Addressing the world’s injustices in all forms is the only way to breathe life into the “health for all” principle and aspiration expressed so eloquently in the 1978 Alma-Ata Declaration. The first of these injustices is more evident than it was 41 years ago: the international economic order has concentrated vast wealth in ever-fewer pockets, while half the world’s people go without essential health services . . . and most certainly without the economic, social, political and cultural conditions and empowerment needed to otherwise thrive.
This massive violation of rights can only be addressed by governments acting in concert—defended and demanded by progressive civil society participation—to take responsibility for ensuring that the likes of health and education are public goods, available and accessible to all without discrimination. This is a tall order for a growing number of global leaders who seem hell-bent to run in the opposite direction, unwavering in corporate commitments but unwilling to confront the alarming consequences of climate change; epidemics old and new; or gender, age, socioeconomic, racial, ethnic, religious and geographic inequities. They have contributed to the causes, not the solutions, for millions of people for whom death is simply a relief from suffering.
In this context, it is no wonder that scant attention is paid to efforts by the low- and middle-income countries to address inequities within and across borders. In fact, the attention that does go their way tends to depict one humanitarian crisis after another, and to demand that governments in Africa, Asia, Latin America and the Caribbean simply step up and do a better job with the scarce resources at hand. Such “bootstrap economics,” coupled with minimal, strings-attached foreign aid, is somehow expected to make a real difference . . . or perhaps not.
Lost in the global shell game of resources in any case are the innovations emerging from the Global South itself, often times necessity being the mother of invention. But undoubtedly, the different approaches and strategies some are implementing can make key contributions to solving problems of equity and equality faced by this (for better or worse) globalized world. Such is the case of Cuba, a country of 11.2 million, which took a new path 60 years ago, and now by all accounts has one of the world’s healthiest and most educated populations. Whatever one’s political inclinations, these facts merit further study.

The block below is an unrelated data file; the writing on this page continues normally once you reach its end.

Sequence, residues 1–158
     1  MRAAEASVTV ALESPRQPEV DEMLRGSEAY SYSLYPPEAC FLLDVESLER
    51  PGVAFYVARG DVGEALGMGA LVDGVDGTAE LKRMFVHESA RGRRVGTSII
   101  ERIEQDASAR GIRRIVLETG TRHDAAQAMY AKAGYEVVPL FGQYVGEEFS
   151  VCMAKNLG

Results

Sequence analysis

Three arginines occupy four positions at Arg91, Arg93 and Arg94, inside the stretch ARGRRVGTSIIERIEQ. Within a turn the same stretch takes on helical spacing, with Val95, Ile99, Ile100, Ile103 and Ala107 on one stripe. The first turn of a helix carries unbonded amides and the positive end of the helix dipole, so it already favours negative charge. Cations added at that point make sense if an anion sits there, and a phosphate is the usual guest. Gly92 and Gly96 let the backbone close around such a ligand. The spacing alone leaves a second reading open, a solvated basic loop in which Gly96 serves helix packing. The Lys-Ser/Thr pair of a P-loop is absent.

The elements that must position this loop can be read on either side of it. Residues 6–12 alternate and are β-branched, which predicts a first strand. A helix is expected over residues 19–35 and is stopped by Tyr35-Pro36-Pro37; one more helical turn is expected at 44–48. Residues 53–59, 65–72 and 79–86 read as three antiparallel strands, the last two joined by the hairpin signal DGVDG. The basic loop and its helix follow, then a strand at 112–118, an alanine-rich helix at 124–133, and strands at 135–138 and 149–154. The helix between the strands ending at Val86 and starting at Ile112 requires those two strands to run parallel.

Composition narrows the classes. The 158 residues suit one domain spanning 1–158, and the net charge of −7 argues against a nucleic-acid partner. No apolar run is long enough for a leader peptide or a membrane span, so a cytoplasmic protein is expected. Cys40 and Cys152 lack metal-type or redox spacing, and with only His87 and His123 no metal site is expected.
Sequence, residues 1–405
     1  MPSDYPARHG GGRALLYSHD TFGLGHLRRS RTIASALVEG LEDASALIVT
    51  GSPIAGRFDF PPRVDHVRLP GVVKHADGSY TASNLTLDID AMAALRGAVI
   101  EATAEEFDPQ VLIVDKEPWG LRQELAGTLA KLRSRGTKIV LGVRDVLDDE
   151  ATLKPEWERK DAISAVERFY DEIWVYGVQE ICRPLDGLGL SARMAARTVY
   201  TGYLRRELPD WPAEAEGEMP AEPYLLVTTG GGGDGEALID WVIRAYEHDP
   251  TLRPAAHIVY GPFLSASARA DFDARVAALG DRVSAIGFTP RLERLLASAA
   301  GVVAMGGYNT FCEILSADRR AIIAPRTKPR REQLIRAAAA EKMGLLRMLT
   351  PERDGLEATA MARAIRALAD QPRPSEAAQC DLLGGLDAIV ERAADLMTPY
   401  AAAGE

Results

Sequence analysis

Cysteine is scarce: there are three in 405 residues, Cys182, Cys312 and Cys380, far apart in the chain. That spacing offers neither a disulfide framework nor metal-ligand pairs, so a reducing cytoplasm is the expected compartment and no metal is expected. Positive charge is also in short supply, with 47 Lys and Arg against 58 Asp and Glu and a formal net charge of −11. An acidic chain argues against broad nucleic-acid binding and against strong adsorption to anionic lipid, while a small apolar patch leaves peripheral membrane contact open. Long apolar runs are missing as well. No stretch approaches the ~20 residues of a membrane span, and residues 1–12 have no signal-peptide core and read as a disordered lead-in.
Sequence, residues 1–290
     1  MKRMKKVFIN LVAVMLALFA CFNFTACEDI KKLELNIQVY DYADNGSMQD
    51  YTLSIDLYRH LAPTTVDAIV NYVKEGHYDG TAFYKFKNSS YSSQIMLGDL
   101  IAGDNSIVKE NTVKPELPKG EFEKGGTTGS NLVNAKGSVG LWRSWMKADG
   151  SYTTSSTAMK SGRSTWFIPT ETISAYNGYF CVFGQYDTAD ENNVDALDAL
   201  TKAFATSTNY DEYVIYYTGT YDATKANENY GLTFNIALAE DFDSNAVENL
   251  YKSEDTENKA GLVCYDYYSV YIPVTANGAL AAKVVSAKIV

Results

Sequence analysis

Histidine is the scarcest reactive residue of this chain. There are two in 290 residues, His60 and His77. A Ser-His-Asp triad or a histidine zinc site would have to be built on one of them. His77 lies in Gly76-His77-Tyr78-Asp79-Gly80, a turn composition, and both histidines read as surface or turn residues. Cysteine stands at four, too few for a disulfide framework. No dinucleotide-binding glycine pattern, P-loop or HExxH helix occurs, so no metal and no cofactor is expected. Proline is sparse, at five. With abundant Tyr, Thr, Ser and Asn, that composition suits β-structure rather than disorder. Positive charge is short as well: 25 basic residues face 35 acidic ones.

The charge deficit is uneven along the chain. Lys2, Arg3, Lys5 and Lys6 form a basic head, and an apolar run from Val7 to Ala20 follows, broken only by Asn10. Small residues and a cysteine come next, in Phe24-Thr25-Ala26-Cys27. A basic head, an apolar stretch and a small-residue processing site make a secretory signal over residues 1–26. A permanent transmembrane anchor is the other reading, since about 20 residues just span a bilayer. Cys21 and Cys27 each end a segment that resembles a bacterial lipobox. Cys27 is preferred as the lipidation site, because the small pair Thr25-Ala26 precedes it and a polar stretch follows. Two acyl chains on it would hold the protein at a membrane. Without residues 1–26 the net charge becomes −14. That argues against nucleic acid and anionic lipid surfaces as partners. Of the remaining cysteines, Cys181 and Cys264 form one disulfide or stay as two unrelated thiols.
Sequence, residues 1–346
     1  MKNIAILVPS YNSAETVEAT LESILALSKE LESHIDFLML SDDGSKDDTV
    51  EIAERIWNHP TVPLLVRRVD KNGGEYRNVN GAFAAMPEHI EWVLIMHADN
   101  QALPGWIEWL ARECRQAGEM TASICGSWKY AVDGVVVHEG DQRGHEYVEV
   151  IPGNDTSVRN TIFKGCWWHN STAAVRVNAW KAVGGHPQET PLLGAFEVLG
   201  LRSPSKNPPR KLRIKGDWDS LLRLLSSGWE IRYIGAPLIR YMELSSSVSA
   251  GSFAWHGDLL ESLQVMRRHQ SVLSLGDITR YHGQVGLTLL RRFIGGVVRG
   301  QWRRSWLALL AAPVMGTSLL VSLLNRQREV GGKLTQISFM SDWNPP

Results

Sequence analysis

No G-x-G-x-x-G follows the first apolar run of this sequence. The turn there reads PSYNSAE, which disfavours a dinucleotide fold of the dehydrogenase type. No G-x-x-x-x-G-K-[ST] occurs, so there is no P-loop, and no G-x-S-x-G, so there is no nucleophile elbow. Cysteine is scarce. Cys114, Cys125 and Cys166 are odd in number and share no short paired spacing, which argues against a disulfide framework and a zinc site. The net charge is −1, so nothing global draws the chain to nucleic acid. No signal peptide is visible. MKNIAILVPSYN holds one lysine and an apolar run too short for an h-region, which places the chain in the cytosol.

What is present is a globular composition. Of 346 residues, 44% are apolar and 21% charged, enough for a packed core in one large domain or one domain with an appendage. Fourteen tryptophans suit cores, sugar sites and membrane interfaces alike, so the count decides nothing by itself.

Thus, as representatives of nearly 200 countries gather at the first UN High-level Meeting on Universal Health Coverage, MEDICC Review takes the opportunity to share with readers both the results and challenges of several Cuban programs and strategies that have extended the right to health in Cuba and abroad.
This issue is intended as a followup to the Pan American Journal of Public Health’s 2018 special issue on Cuba’s health system,[11 Pan American Health Organizaiton [Internet]. Washington, D.C.: Pan American Health Organization; c2019. Special Issues. Health system in Cuba; 2018 Apr [cited 2019 Aug 22]. Available from: https://www.paho.org/journal/en/special-issues/health-system-cuba. Spanish.
https://www.paho.org/journal/en/special-... ] which painted in broad scientific strokes the evolution, practice and transformations in areas such as maternal-child health, prevention and control of communicable diseases, climate change mitigation, and human resource training; as well as challenges ranging from the economic to the demographic, including rapid population aging. Most importantly, it described and analyzed a fundamental pillar of Cuba’s single, universal public health system: the strategy of primary health care, which involves health professionals with their communities in protecting and constructing health, informs other levels of care and decisionmaking, and generates greater attention to the social determinants of health.